Weak Results Batter IBM amid Shift in Strategy ; Cloud Computing Is Focus as Company Moves Away from Old-Line Products

By Lohr, Steve | International New York Times, October 22, 2014 | Go to article overview

Weak Results Batter IBM amid Shift in Strategy ; Cloud Computing Is Focus as Company Moves Away from Old-Line Products


Lohr, Steve, International New York Times


The chief executive called the results disappointing as the company said it would pay $1.5 billion to shed its chip-making unit.

After IBM reported surprisingly weak quarterly profits and sales, Virginia M. Rometty did something most unusual for an IBM chief executive. She joined the conference call with analysts and forcefully made the case for investing heavily in new fields that promise growth in the future, despite a near-term financial setback.

"We are reinventing and we are managing this company for the long term," Ms. Rometty told the Wall Street analysts on Monday morning. She acknowledged that third-quarter results were "disappointing," and she underlined the need to pick up the corporate pace in the midst of "unprecedented change" in the technology industry.

But Ms. Rometty insisted that IBM's "very bold moves" since she became chief executive nearly two years ago -- multibillion-dollar spending programs for data analysis software and skills, cloud computing and Watson artificial intelligence technology -- were the right ones. "The strategy is correct," she said. "Now it's our speed of execution that needs to improve."

IBM, like the entire tech industry, is going through a significant transition, which is a threat as well as an opportunity. It's a point that Ms. Rometty has made recently; in an interview earlier this year, she said 2014 would be a "rocky time" given the challenges.

But IBM's third-quarter performance brought even more attention to its particular financial struggles, as new businesses that are growing are not yet large enough to offset the weakness in its traditional hardware, software and services lines.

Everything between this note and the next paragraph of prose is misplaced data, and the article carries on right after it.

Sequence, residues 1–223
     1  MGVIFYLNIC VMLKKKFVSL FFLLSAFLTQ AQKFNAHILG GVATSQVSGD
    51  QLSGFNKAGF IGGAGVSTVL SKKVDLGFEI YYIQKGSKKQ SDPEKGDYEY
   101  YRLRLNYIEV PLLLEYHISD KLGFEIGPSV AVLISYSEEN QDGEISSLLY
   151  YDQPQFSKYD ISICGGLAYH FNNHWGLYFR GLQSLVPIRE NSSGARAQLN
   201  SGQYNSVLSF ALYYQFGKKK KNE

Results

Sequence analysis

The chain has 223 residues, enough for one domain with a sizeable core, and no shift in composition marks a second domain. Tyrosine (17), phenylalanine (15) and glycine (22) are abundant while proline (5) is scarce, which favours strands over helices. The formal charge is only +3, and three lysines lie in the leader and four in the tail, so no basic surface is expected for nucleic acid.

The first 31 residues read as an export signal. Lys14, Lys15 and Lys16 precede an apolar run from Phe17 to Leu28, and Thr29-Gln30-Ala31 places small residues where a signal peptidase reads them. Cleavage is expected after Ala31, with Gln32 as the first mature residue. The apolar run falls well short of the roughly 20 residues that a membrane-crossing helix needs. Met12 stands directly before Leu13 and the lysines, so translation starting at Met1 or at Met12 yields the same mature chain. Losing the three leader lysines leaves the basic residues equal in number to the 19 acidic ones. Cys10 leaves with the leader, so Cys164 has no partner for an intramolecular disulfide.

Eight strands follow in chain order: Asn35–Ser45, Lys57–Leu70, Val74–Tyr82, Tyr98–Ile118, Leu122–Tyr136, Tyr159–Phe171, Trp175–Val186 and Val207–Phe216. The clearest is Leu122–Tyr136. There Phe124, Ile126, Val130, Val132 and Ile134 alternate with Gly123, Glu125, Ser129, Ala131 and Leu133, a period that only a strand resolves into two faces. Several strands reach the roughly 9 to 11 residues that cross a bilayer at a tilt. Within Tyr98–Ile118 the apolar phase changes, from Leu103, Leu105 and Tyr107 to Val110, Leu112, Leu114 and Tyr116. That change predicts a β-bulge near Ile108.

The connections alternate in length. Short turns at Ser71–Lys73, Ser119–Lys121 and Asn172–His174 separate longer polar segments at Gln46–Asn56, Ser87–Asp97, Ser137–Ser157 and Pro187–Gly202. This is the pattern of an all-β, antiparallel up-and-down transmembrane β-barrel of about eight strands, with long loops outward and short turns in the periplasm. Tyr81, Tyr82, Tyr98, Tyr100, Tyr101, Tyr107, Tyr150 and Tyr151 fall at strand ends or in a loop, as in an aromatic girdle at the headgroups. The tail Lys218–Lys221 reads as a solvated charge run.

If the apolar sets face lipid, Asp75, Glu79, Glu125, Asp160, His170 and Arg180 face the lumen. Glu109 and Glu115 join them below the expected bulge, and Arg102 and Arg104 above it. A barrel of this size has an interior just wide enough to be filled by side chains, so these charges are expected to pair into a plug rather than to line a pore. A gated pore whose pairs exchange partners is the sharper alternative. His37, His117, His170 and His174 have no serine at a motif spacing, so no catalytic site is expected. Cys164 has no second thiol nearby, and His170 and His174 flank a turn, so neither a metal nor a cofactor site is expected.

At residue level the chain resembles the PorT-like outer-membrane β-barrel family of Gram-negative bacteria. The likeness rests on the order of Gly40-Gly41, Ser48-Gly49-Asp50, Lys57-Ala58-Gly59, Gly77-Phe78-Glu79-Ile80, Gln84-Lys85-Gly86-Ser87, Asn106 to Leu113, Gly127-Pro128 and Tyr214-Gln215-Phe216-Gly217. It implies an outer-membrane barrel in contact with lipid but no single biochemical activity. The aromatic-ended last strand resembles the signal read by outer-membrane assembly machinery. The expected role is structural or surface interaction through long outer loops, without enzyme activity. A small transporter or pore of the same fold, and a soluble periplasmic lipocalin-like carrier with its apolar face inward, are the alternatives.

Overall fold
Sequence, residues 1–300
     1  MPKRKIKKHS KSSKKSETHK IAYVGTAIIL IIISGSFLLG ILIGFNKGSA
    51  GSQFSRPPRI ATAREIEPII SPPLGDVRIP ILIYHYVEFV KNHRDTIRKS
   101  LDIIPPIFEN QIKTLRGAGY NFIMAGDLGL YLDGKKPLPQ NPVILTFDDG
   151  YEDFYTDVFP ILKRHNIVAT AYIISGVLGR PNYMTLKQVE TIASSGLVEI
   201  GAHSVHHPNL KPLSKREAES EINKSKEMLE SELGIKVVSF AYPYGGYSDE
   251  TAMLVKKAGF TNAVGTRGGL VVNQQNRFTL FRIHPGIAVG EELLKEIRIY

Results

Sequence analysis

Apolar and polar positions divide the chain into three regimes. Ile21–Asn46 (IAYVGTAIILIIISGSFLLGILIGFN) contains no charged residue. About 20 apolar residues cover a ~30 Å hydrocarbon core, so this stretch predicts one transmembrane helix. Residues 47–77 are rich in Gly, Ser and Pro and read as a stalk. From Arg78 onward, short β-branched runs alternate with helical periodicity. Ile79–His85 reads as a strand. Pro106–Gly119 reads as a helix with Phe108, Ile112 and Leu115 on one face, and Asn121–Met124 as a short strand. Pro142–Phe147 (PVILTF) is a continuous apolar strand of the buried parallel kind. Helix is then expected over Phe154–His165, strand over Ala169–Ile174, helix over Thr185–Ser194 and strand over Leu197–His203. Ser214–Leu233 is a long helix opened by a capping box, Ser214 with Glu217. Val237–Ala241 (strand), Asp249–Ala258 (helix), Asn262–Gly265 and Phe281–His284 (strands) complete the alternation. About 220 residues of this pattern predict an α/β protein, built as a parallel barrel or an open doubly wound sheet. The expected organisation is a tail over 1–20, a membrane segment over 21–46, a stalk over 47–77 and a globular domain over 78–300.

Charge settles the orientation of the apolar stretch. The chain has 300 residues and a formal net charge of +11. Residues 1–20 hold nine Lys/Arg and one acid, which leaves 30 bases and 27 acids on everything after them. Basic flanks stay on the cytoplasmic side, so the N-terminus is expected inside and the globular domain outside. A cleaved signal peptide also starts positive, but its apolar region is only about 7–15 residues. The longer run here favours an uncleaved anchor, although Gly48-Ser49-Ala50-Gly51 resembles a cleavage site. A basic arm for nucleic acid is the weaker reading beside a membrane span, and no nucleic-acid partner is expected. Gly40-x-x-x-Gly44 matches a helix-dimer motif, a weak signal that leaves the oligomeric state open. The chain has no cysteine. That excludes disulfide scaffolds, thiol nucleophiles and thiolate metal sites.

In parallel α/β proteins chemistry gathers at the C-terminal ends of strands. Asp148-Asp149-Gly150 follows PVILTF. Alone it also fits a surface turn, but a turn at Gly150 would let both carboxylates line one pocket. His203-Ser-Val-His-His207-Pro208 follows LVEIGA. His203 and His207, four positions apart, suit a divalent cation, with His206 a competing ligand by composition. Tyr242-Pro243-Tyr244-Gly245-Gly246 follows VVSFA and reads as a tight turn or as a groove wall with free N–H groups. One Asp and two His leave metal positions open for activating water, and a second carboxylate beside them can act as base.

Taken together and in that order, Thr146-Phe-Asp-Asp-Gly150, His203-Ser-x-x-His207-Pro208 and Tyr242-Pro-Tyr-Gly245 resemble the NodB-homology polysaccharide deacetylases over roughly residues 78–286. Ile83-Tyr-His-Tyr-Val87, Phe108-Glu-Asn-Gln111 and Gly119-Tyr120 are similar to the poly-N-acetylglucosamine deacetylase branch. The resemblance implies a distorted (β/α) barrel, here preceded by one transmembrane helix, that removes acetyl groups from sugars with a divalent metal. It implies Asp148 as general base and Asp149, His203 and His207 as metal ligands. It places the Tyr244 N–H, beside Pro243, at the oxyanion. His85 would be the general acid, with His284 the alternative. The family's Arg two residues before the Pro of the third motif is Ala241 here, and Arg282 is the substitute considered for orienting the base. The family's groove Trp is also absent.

The quarterly results came in well below the forecasts of Wall Street analysts, and they caught IBM executives off-guard as well. In the conference call, Martin Schroeter, IBM's chief financial officer, conceded that the industry was shifting "faster than we had planned."

As a result, IBM said it was abandoning its financial target for 2015 of delivering earnings per share of $20 or more.

The company's stock price dropped more than 7 percent, down $12.95, to close at $169.10 a share.

The industry transition that is buffeting IBM includes the move to deliver software as a service from remote, or cloud, data centers and the use of new kinds of less expensive software and hardware to store and analyze huge amounts of data. These are growth businesses for IBM, but they also are a shift away from the traditional software and services businesses, which have been IBM's lucrative mainstay.

Steven Milunovich, an analyst at UBS, estimates that traditional hardware, software and services products make up two-thirds of IBM's revenue. "IBM is in the midst of a multiyear transition that is unavoidable," Mr. Milunovich said. "But when you have this much change, it is very tough on legacy businesses."

For years, IBM has been moving away from some of its old-line products, especially hardware operations with lower profit margins, notably selling off its disk drive and personal computer divisions years ago. It took another such step on Monday.

IBM announced that it was shedding its chip-making operations in a deal with Globalfoundries. As part of the transaction, IBM took a $4.7 billion pretax charge against its third-quarter earnings. The charge includes writing down the value of the assets and a $1.5 billion cash payment to Global-foundries, a large contract chip producer, based in Santa Clara, Calif.

With the charge for the chip sell-off, IBM reported net income of $18 million, or 2 cents a share. …

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